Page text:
To make this blueberry wine recipe you’ll need the following piece of equipment, pick up all the equipment you need here:

  • Fermenting Bucket
  • Nylon Straining Bag
  • 1 Gallon Demijohn
  • Bung & Airlock
  • Potato Masher
  • Hydrometer
  • Syphon
  • Bottles, Corks and Corker

The Blueberry Wine Recipe Ingredients – Makes 4.5 litres / 1 gallon around 12% ABV

1.4kg Blueberries fresh or frozen (clean and prepared)
1kg Sugar
4.2 litres Water
2 tsp Citric Acid
1/8 tsp Tannin
1 tsp Yeast Nutrient
1/2 tsp Pectic Enzyme
1 Campden Tablet
1 sachet Wine Yeast (My recommendations – Vintners Reserve R56 / Lalvin 71B / Lalvin EC1118)

Blueberry Wine Recipe Method

Blueberry Wine

  1. Dissolve the sugar and half the water together in a pan by bringing to the boil. Ensure all of the sugar is fully dissolved and then turn off the heat.
  2. Whilst heating the sugar and water put the blueberries in a straining bag in the bottom of the fermenting bucket. Use the potato masher to squash the blueberries and break them up. They don’t need to be pureed but make sure all the blueberries are squashed and the juices released.
  3. Pour the boiled sugar and water solution over the blueberries and mix well with the fruit. Add the second half of the water which will help to cool down the must.
  4. Add the citric acid, the wine nutrient and the tannin and mix thoroughly, leave for a few hours to cool further and then add a crushed Campden tablet and for at least 12 hours.
  5. After 12 hours add the pectic enzyme and leave the must for 24 hours. After this, you can test with a hydrometer if you wish for the starting gravity.
  6. After the 24 hours add the yeast to begin fermentation. Allow fermentation to go on for a week and stir once every one or two days, this helps extract as much flavour from the fruit as possible which will have the tendency to float.
  7. After a week lift out the straining bag with the pulp and allow to drain as much as possible, avoid squeezing the bag.
    Take a hydrometer reading, if the wine is below 1.010 specific gravity rack the wine into a sanitised demijohn. If not leave for a further few days and check the gravity again. Once racked attach a bung and airlock and leave.
  8. Wait for at least 2 months or more and the wine can then be racked off the sediment. You can wait for the blueberry wine to completely clear before racking to a new vessel. After this either let it age further for a few months or bottle. If you wish to back-sweeten the wine stabilise and follow this advice here.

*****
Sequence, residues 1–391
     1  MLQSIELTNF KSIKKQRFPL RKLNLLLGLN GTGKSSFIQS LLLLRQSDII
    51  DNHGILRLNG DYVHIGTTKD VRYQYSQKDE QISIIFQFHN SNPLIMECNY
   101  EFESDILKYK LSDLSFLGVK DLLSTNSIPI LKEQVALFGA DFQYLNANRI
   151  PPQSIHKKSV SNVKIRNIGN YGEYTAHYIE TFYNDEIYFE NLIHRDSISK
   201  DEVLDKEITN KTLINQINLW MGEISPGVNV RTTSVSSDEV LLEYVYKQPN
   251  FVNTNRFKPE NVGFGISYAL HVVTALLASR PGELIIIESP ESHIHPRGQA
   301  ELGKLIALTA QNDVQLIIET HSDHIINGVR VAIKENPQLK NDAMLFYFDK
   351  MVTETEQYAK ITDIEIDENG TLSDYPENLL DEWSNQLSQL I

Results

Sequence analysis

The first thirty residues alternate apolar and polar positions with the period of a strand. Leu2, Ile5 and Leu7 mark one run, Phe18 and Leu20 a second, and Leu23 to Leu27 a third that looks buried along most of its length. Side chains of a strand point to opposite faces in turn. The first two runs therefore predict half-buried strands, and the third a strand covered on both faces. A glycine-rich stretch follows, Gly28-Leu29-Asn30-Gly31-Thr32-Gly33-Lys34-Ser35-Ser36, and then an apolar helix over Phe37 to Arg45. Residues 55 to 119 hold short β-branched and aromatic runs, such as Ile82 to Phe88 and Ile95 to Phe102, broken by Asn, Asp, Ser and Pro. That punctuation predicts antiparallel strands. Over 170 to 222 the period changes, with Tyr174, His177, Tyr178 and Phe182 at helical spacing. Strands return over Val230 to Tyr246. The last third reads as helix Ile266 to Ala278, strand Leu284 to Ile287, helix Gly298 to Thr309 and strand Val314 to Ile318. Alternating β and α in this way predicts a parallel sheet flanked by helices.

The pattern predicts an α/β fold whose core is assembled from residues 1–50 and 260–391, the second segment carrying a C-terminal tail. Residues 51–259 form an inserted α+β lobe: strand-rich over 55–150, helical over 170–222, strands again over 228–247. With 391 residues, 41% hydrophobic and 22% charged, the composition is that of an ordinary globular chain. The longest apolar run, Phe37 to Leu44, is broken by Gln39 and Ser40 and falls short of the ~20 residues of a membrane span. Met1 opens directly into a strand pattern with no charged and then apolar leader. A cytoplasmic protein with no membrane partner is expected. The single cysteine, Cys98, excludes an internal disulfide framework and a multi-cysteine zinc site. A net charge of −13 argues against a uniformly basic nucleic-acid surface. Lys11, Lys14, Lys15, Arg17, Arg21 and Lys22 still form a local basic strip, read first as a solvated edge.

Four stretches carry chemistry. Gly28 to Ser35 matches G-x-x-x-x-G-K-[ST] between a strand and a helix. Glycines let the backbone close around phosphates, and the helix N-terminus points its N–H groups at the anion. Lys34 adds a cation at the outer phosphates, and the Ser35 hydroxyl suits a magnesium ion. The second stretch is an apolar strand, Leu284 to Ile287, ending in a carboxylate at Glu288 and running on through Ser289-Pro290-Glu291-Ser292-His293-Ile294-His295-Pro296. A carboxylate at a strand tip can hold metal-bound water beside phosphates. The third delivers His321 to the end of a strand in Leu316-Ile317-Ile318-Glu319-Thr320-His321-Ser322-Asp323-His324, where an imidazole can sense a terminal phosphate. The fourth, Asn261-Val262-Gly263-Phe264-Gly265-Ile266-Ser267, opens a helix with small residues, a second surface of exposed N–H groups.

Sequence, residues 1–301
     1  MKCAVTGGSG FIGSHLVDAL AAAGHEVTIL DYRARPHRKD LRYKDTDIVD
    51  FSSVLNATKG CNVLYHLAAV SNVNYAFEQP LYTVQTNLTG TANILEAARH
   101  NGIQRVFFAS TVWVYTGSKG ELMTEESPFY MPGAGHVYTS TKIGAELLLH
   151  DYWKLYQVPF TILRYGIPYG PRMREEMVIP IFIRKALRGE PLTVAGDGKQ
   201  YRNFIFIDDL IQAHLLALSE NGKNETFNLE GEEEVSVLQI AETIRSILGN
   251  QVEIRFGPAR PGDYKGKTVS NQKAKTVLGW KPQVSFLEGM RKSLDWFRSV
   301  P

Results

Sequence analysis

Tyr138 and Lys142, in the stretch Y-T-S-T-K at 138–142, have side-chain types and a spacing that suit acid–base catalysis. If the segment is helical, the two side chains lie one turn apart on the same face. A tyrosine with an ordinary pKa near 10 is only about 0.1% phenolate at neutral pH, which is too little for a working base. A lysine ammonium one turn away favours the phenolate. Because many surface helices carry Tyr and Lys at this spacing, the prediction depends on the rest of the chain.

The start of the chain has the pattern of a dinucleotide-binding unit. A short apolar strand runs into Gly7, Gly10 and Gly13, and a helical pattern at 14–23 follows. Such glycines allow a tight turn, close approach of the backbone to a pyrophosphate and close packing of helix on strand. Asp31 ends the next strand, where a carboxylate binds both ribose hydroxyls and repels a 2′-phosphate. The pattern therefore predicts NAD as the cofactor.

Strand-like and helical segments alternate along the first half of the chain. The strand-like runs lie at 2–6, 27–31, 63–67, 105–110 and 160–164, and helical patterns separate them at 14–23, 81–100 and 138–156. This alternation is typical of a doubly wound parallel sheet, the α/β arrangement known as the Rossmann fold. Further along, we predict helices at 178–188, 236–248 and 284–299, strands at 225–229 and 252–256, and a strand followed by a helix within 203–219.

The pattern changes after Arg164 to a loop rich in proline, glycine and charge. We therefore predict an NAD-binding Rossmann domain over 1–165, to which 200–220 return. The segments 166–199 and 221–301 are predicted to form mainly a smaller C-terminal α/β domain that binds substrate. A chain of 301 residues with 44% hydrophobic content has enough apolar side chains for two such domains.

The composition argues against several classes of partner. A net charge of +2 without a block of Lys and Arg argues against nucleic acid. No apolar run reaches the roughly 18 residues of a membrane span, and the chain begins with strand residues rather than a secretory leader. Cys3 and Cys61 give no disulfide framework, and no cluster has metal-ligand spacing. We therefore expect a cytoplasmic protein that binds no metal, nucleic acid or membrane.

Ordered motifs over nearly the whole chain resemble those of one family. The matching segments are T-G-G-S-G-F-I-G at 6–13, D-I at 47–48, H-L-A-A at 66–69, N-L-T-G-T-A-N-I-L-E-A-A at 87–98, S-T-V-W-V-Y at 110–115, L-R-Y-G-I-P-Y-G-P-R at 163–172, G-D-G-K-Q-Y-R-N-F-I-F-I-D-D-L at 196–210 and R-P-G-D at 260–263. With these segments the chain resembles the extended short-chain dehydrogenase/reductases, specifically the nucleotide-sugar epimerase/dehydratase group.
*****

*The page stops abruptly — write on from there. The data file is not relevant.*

This blueberry wine recipe will make a wine of around 12% ABV. It is best squirrelled away for a while to condition and mature. It keeps well for a couple of years, try and keep some around to sample and you will begin to understand how the wine changes with time.

How To Stabilise And Back Sweeten A Wine

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Back Sweetening Wine

One of the issues many new winemakers face is making a wine that is simply too dry, back sweetening a wine is a simple remedy that can transform the finished wine.

Back sweetening ranges from turning a really dry wine into a semi-dry wine that isn’t necessarily sweet, but suits your taste better. Or you can go all the way to creating a dessert wine that tastes sweet as dessert wines are intended to.

It is most often the case with fruit wines that rely on sugar as the primary fermentable. Plain sugar is 100% fermentable so when the yeast ferment the wine all of the sugars gets converted to alcohol leaving no residual sweetness. A wine that is too dry is fairly easy to remedy by back sweetening but you’ll need to make sure of a few things before just adding sugar to the wine.

Back Sweetening a wine involves adding a type of sugar or sweetener back into the already fermented wine. Before you can do this we need to make sure that the sugar we add isn’t going to start a second fermentation. To do this the wine needs to be stabilised which needs to be done once fermentation is completely finished and the wine has cleared.

When To Stabilise A Wine?

To stabilise a wine we need to use additives such as potassium sorbate, it should be noted though that these kinds of additives won’t stop an active fermentation. The idea is to use the minimum amount of additives necessary to stabilise a wine. We don’t want to add lots of potassium sorbate in case it alters the flavour or colour of the wine.

The point where you want to stabilise a wine is once the fermentation is completely finished, we can check this using a hydrometer, in most cases, a fruit wine will finish at a specific gravity around or below 0.998 – 1.000. Secondly, we want the wine to have cleared, with the yeast sedimented to the bottom. If the wine is still hazy the yeast may be in suspension still so trying to stabilise the wine at this point would not work effectively. To stabilise a wine you’ll need an additive called potassium sorbate as well as sodium metabisulphite (Campden Tablets).